Data Driven Business Week / DemandCon: An Idiot’s Review

Frustrated Businessman

Frustrated-man11My kids are right: I’m an idiot. The first thing I did arriving on a late-night flight to San Francisco for Data Driven Business Week was leave my iPhone in the airline seat pocket.

Next morning, I emerged, digitally naked, from my hotel on Powell Street. No phone, no email, no idea of my calendar for the day and no map to get to the conference. I wandered crowded streets, past faceless people, until a homeless guy got two bucks for showing me that I was actually standing outside an Apple Store. Apple got the other $500.

A few minutes later, back out into the world with a lightness in my step and wallet, I hit Data Driven Business Week, a multi-conference combining Demand Con, Marketing Optimization Summit, Conversion Conference and Predictive Analytics World all under one roof.

Here are the tweet-lights from the show:

Sirius Decisions says buyers are now 67% of the way through the buying process before they meet with your sales people


Gartner say by 2020, customers will manage 85% of their relationship without talking to a human @cahidalgo #demandcon



Marketers spend 9x more driving traffic to websites than on improving conversions @gregott @demandbase #demandcon



Re: marketing automation adoption “Many people buy a Cadillac but are using it like a Yugo.” – @MaribethRoss #DemandCon



Avg life of social media link is 3 hours @kippbodnar #demandcon



Great quote to pin to the wall: “Remove YOU from the story as much as possible.. it will travel farther.” @juntajoe #demandcon



But there was a word of warning here and one that could significantly hold back from the further promise of marketing automation, segmentation analytics, persona development and story telling at scale:


@tripkucera says 3 of 4 top reasons companies don’t have lead lifecycle mgt in place come down to skills gap #demandcon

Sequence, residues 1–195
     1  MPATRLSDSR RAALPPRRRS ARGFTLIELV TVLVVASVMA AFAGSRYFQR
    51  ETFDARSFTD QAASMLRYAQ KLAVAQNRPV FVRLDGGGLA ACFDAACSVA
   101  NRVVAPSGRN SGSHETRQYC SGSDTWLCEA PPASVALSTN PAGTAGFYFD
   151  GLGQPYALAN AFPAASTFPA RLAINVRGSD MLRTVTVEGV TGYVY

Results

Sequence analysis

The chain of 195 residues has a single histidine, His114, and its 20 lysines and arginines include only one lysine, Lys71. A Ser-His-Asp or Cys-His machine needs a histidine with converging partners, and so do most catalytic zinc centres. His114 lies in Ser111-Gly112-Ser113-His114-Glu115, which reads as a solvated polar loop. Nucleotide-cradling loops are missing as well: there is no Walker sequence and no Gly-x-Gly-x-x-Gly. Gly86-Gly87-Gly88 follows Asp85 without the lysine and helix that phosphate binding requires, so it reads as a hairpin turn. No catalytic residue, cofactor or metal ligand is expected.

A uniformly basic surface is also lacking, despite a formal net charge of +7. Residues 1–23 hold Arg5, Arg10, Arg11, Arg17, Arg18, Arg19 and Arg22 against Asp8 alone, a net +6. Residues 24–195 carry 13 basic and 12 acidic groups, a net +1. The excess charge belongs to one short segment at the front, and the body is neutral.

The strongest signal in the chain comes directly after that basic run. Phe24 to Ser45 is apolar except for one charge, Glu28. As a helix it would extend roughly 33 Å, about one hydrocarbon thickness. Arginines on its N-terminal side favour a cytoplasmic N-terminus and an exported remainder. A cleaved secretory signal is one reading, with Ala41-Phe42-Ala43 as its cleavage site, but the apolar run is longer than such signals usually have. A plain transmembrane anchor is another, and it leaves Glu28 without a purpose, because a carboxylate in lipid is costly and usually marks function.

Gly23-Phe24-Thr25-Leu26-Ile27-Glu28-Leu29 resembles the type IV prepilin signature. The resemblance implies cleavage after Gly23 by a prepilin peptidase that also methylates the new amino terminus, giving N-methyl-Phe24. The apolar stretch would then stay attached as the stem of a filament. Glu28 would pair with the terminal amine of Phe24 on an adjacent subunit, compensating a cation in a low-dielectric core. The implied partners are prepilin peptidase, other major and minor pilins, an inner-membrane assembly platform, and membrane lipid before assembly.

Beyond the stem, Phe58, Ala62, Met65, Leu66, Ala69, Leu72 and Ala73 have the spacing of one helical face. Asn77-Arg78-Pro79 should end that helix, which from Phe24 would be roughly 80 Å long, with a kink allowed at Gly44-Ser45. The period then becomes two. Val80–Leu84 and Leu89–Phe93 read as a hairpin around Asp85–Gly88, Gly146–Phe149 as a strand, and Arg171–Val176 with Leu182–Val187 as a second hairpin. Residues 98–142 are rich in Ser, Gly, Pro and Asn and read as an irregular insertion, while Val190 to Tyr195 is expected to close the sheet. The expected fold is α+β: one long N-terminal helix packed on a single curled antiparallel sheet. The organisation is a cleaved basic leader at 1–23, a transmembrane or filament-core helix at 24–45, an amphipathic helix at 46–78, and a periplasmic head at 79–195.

This issue of skills, highlighted by Aberdeen’s Trip Kucera made me think of my Apple Store experience and the power of data-driven business and the people that make it work. It’s amazing to see how an IT company like Apple approaches the retail sales process. We are talking process, from the moment you step into the store. I was quickly triaged by one of those helpful, hip blue-shirts who led me to Specialist Laura. It was all familiarly efficient. Familiar, because this was my second visit to buy a phone in the past 10 days (yes, my lost phone was new.) Again, I was impressed with the rapid pecks on iPhone’s apps, integrating accounts, deciding options and then the best part — the finger signature. No check-out counter, no lines, no sales terminals.

Smiling, Laura set the phone up for me. I knew how to do it of course, as I’d gone through the exercise just days before, but I let her. I asked her about the technology and how much training they had to undergo. She said it was a continual process and, with a laugh, told me that it’s harder to get into Apple than Stanford!

My take-away from Apple and from Data Driven business Week is that the rewards for getting it right are enormous but that it takes people, people.

(However, it looks like Apple has the Stanford graduate intake thing all sewn up… you’ll have to recruit from elsewhere!)